UK court overturns ruling in Keira Bell case limiting use of puberty blockers in children

In the original ruling, the three high court judges said medical professionals working with children under 18 may need to consult the courts for authorization for medical intervention.

Nicole Russell Texas US

The UK court of appeal has overturned a controversial judgment in the Keira Bell case that children under the age of 16 who are considering gender reassignment are not able to give informed consent to be prescribed puberty-blocking drugs.

Keira Bell, 24, sued Tavistock and Portman NHS foundation trust, which runs NHS England's only gender identity development service (GIDS) for children, after they had prescribed her puberty blockers at the age of 16. Later, she regretted taking them and detransitioned. In her lawsuit, she claimed she had not been made aware of the potential damage puberty blockers could cause her.  

In the original ruling, found in Bell's favor, the three high court judges said medical professionals working with children under 18 may need to consult the courts for authorization for medical intervention.

In Friday's judgment, the high court said it had been "inappropriate" for them to issue such guidance: "The effect of the guidance was to require applications to the court in circumstances where the divisional court (a branch of the high court) itself had recognised that there was no legal obligation to do so. It placed patients, parents and clinicians in a very difficult position.

"In practice the guidance would have the effect of denying treatment in many circumstances for want of resources to make such an application coupled with inevitable delay through court involvement."

A spokesperson for Tavistock applauded the decision saying, "The judgment upholds established legal principles which respect the ability of our clinicians to engage actively and thoughtfully with our patients in decisions about their care and futures. It affirms that it is for doctors, not judges, to decide on the capacity of under-16s to consent to medical treatment."

Transgender proponents applauded this ruling as well.

"We are delighted that the Court of Appeal, as expected, has overturned the High Court ruling in Bell v Tavistock."

"The Court of Appeal accepts that children can have the capacity to consent to puberty blockers and an approach to treatment that centres on the consent of the child is lawful."

"We're overjoyed to hear that the Tavistock has won its appeal in the Bell v Tavistock case. Today's outcome will be a huge relief for trans young people and their families, as well as the wider trans community!!"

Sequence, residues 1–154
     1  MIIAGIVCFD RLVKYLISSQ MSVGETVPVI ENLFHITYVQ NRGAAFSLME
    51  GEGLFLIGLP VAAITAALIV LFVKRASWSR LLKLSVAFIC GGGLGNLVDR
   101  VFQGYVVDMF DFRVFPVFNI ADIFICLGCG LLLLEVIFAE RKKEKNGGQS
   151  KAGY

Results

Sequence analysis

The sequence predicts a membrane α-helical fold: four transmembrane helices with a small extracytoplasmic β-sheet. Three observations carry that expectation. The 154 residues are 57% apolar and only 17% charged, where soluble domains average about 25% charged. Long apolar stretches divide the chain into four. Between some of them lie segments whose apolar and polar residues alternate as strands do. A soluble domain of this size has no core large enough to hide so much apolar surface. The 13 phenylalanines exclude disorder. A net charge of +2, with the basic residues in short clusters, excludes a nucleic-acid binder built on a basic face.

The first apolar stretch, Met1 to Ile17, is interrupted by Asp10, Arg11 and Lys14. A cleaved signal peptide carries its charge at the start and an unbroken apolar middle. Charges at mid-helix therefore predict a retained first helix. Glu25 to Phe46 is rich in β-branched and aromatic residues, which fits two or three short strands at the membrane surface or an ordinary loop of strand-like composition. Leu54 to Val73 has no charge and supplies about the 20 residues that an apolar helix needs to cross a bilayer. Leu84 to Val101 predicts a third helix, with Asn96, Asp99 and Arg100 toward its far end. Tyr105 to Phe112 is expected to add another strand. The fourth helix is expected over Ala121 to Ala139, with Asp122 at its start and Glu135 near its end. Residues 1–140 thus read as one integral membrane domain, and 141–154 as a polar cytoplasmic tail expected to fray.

While the ruling has opened the doors again to the use of puberty blockers on children under 18 years old, the ruling in no way minimizes Keira Bell's actual lawsuit, wherein she revealed that she did not know what puberty blockers would do to her and how they eventually harmed her and was able to prove as such.

Just because the High Court does not want to step into the medical space in the UK and determine what medical treatments are appropriate and wise for children under 18 years old does not suddenly mean that puberty blockers for that age group are no longer damaging or that children are suddenly aware of the damage that can occur when they're taken, as the original ruling said.

While much of the medical community seems to be taken up with the use of puberty blockers on children, not everyone supports this. In a 2021 interview with London-based Channel 4 News, Dr. David Bell revealed that he faced disciplinary action after raising concerns about procedures at Tavistock in an internal 2018 memo. Bell retired after working with Tavistock for over two decades as a consultant psychiatrist. He told reporter Cathy Newman that in addition to adults voicing concerns that their children were not "able to consent to the treatment," he thought Tavistock was too aggressive in pushing children towards transition.

"Then there were concerns of children being inappropriately pushed through to transition, where they had a lot of complex problems that really needed thinking about. The whole attitude of what's called 'affirmation' instead of neutrality and inquiry caused considerable damage to the capacity of the service and clinicians to take on the full complexities of the cases they were dealing with. As a result, children have been very seriously damaged."


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